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How Much Should A Gaming Monitor Cost?

How Much Should A Gaming Monitor Cost?

So you’ve decided to get a gaming monitor. Great idea! You’re about to embark on an adventure of technical nature. Get ready for stats, figures, techno-babble, wild price discrepancies, and an all round confusing road ahead as different gaming monitor brands battle for your hard-earned dollar. 

As we’ve just joined the fray with our range of price-friendly yet high-performance gaming monitors, we thought we’d put together this handy guide to help you understand how much you should actually be paying for a gaming monitor. 

Ready? Let’s go. 

Contents:

  1. Why Are Gaming Monitors More Expensive?
  2. Can I Use A Regular Monitor For Gaming?
  3. Can I use a gaming monitor for regular tasks?
  4. Minimum Requirements:
    1. For casual gaming
    2. For online gaming
    3. For competitive gaming
  5. Should I Pay Extra For A Well-Known Brand?
  6. Closing Arguments

Why are gaming monitors more expensive?

No doubt you’ve already searched for gaming monitors well before you found this guide, and you, like many others, are having a hard time wrapping your head around why they can be significantly more expensive than a regular computer monitor. After all, they sort-of do the same thing, right?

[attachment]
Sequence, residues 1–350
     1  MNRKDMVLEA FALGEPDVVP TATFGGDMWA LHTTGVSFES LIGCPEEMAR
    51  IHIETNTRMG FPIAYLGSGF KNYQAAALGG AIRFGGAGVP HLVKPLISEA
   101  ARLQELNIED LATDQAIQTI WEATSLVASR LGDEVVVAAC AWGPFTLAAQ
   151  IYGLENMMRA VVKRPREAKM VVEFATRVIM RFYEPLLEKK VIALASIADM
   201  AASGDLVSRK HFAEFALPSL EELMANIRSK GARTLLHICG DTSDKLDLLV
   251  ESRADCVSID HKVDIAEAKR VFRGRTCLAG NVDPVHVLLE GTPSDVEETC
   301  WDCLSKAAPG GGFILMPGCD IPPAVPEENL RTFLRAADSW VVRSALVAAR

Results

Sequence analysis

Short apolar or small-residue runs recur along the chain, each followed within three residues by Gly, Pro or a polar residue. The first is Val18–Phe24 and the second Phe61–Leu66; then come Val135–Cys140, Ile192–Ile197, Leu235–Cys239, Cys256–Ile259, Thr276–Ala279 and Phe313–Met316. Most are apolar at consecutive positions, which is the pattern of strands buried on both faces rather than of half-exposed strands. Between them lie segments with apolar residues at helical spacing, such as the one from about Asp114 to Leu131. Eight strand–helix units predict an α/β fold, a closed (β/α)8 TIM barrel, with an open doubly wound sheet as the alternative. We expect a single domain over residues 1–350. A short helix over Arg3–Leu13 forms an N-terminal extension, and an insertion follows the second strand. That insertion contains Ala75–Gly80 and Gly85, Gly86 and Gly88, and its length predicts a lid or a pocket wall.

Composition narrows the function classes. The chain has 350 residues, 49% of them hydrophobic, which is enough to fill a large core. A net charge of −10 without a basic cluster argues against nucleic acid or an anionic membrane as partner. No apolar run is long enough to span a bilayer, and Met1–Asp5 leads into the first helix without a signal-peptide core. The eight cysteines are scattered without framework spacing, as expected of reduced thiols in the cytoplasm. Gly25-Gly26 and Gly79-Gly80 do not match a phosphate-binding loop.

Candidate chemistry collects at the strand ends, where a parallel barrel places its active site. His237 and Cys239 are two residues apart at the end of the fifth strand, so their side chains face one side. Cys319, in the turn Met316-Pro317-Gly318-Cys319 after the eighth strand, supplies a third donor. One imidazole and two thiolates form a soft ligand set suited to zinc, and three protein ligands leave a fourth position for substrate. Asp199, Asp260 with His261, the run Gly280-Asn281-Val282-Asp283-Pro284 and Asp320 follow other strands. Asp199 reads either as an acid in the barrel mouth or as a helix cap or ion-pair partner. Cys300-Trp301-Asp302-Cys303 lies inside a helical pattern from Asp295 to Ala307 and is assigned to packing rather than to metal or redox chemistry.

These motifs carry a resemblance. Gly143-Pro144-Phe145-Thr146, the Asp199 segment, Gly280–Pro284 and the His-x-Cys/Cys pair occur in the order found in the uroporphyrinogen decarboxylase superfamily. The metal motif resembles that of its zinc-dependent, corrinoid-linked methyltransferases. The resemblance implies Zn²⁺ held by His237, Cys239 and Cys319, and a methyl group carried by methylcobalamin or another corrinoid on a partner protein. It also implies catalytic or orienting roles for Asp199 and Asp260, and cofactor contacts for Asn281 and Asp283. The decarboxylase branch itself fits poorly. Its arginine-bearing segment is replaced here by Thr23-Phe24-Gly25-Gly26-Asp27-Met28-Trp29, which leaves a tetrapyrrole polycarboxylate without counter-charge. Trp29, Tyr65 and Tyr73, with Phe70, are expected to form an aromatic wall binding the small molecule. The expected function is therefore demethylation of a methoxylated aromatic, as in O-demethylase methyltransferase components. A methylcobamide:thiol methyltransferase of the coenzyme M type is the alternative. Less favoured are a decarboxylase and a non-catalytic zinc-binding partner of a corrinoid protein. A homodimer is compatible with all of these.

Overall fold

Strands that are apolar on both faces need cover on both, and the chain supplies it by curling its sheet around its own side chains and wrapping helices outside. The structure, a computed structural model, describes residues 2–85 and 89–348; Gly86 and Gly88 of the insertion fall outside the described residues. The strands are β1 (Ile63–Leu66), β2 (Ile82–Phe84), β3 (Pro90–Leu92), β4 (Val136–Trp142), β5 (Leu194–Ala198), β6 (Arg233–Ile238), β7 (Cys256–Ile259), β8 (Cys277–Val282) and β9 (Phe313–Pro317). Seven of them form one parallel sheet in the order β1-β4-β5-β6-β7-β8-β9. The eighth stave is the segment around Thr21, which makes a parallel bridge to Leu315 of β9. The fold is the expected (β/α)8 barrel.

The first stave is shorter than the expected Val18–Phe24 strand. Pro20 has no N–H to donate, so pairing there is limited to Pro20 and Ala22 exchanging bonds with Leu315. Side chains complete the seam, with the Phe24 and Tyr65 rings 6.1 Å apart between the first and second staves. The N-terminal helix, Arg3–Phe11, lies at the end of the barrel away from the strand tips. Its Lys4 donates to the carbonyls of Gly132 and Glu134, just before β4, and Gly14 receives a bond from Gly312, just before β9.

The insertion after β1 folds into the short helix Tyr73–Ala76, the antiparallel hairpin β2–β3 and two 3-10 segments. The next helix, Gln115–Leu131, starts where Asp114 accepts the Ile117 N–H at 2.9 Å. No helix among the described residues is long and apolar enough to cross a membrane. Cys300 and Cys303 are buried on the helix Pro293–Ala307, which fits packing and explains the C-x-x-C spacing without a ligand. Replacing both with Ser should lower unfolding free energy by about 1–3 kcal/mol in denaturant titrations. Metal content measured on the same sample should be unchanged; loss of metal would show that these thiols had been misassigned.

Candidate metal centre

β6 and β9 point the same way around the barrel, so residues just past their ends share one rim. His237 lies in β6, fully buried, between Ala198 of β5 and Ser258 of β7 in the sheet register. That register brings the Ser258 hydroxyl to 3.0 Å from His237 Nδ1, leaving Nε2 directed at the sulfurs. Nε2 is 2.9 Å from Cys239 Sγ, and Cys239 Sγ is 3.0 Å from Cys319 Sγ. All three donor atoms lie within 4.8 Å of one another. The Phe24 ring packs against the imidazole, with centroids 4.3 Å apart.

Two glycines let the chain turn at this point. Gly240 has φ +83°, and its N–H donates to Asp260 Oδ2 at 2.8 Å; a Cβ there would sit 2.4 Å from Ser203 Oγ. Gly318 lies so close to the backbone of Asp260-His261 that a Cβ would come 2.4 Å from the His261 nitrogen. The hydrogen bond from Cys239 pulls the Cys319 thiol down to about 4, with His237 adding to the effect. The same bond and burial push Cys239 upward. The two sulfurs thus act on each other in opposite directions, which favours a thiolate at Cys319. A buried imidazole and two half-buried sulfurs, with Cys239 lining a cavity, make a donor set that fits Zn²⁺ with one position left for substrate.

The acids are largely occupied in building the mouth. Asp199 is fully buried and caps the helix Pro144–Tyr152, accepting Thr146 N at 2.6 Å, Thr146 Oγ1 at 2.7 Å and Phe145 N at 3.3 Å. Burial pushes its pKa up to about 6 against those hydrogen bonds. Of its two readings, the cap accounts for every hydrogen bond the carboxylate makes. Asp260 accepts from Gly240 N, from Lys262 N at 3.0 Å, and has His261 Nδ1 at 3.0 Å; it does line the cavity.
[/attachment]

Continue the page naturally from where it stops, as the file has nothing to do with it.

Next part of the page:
Wrong.

Well, not entirely, but there are a number of key differences that separates gaming monitors from regular monitors, and it all boils down to the technology inside the screen. 

Regular computer monitors are made for a range of activities and for the most part, none of those activities relate to gaming. Check your emails. Look at spreadsheets. Organize meetings and pretend you’re working while you’re actually watching YouTube videos. Unless you’re working with high-quality video & imagery, nothing you do requires a computer monitor to be purpose-built. 

So it’s not. The picture quality of your emails doesn’t really matter, and the smoothness of a Zoom call will have no impact on your experience at all. Because of that, a regular monitor just doesn’t have the level of technology found in a gaming monitor, so they are usually significantly cheaper. 

Gaming monitors, on the other hand, are purpose-built. They have brighter screens with a greater colour & contrast range. They have much higher refresh rates & much lower response times to give you a buttery smooth picture quality. They are designed to show detail in the blackest blacks and the whitest whites. They have firmware that makes sure your monitor is properly synced to your computer’s graphics card.